2. Here's the ingredient list for Chinese American Shrimp with Lobster Sauce from "Stir-Frying to the Sky's Edge" by Grace Young:

                                                              Ingredients:
                                                              ground pork; fermented black beans; ginger; shrimp; bottled clam juice; peanut oil; Thai bird's eye chiles; scallions; soy sauce.

                                                              It's delicious, authentic and very easy to make.

                                                              4 Replies
                                                                1. re: porker

                                                                  Yes, porker. Chef Young uses 1/14 teaspoons of cornstarch in the recipe. I made the mistake of copying & pasting the ingredients list from the cookbook indexing site Eat Your Books and the indexers omit general pantry items. Sorry!

                                                                  1. re: Gio

                                                                    I like my lobster sauce eggy.
                                                                    I remember Jeff Smith's (the Frugal Gourmet) technique of stirring beaten eggs into the sauce at the end and shutting off the heat. The residual heat sets the egg without getting it too solid. It adds almost a creaminess aspect to the dish.

                                                                    1. re: porker

                                                                      (That fraction should be 1/4 tsp cornstarch.) I like the sauce to be "eggy" as well. In fact, I love shrimp w lobster sauce period. Irene Kuo has a marvelous recipe for Lobster Cantonese that I've cooked several times, once with a 6 pound lobster! It's found in Jasper White's Lobster At Home cookbook.

                                                                      http://www.boston.com/lifestyle/food/...

                                                              1. I so miss the "Polynesian Restaurant" style of shrimp with lobster sauce that I grew up with in New Jersey--thick, goopy, eggy sauce, lots of ground pork, scallions, ginger, and huge, plump shrimp--served the only way it should be--over roast pork fried rice and an egg roll on the side.

                                                                I moved to California, and what did I find? Sad little shrimp floating in an insipid white soup with peas, carrots, and sometimes a black bean or two. I ordered it at many different restaurants all over the San Francisco Bay Area, and finally gave up in the same way that I stopped searching for a good bagel or a passable slice of pizza.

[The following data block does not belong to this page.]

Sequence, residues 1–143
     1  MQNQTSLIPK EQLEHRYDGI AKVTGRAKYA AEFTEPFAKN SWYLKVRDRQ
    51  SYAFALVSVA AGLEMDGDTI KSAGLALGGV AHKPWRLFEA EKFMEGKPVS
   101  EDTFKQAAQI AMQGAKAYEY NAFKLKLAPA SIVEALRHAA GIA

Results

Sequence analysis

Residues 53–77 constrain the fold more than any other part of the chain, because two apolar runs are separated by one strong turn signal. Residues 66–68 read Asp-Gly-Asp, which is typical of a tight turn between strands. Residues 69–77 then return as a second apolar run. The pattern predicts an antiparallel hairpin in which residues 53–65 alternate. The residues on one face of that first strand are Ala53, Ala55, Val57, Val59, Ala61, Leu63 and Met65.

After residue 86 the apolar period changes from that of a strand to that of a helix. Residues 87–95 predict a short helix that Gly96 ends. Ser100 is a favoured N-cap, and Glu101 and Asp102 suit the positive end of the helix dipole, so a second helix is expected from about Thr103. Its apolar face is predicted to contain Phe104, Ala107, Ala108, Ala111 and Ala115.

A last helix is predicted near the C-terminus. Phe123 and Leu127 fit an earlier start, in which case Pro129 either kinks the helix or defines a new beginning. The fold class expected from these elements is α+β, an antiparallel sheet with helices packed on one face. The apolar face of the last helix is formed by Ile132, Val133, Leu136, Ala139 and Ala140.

When I go back home for a visit, I am already on the phone with Lee's Hawaiian Islander from my rental car, and it's my first stop on the way to wherever I'm going. It's often my last stop on the way back to Newark, too.

                                                                3 Replies
                                                                1. re: jrzgyrl

                                                                  If you google-image "shrimp in lobster sauce" you'll see a wide range of versions, from a simple clear sauce to a complex brownish creation.
                                                                  I think its interpretation (in North America) is very regional. IMO, the further from cities with a Chinese population (suburbia), the simpler it tends to be; almost like egg drop soup with shrimp tossed in (but your SF versions fly in the face of my theory...)
                                                                  The Montreal-Chinatown versions are generally very dark, contain black beans, pork, and egg, sometimes a touch of sesame oil, but no ginger. Lotsa places sell just the sauce, and yes, I enjoyed just the sauce on rice many times while a student (had to save $ for beer & booze).

                                                                  As for the arguments above, I always understood it as a sauce which is usually served with lobster, thus "lobster sauce" with no lobster in it.
                                                                  However, when served as a lobster dish, it's not called "lobster in sauce", but rather "lobster Cantonese"...

                                                                  1. re: porker

                                                                    I've had the brown-sauced version in the Boston area. It was good! And I found a picture of the Lee's Hawaiian Islander, Lyndhurst, NJ version. :)

                                                                     
                                                                  2. re: jrzgyrl

                                                                    I was in NJ for a funeral a couple of years ago and when I got back to my hotel room after one day's activities I was too tired to head back out for dinner and ordered in Chinese delivery. Was shocked that my order of wonton soup and shrimp with lobster sauce ended up coming with fried wontons, egg roll, sweet and sour pork and roast pork fried rice all without my having said a thing.

                                                                    That was a great dinner.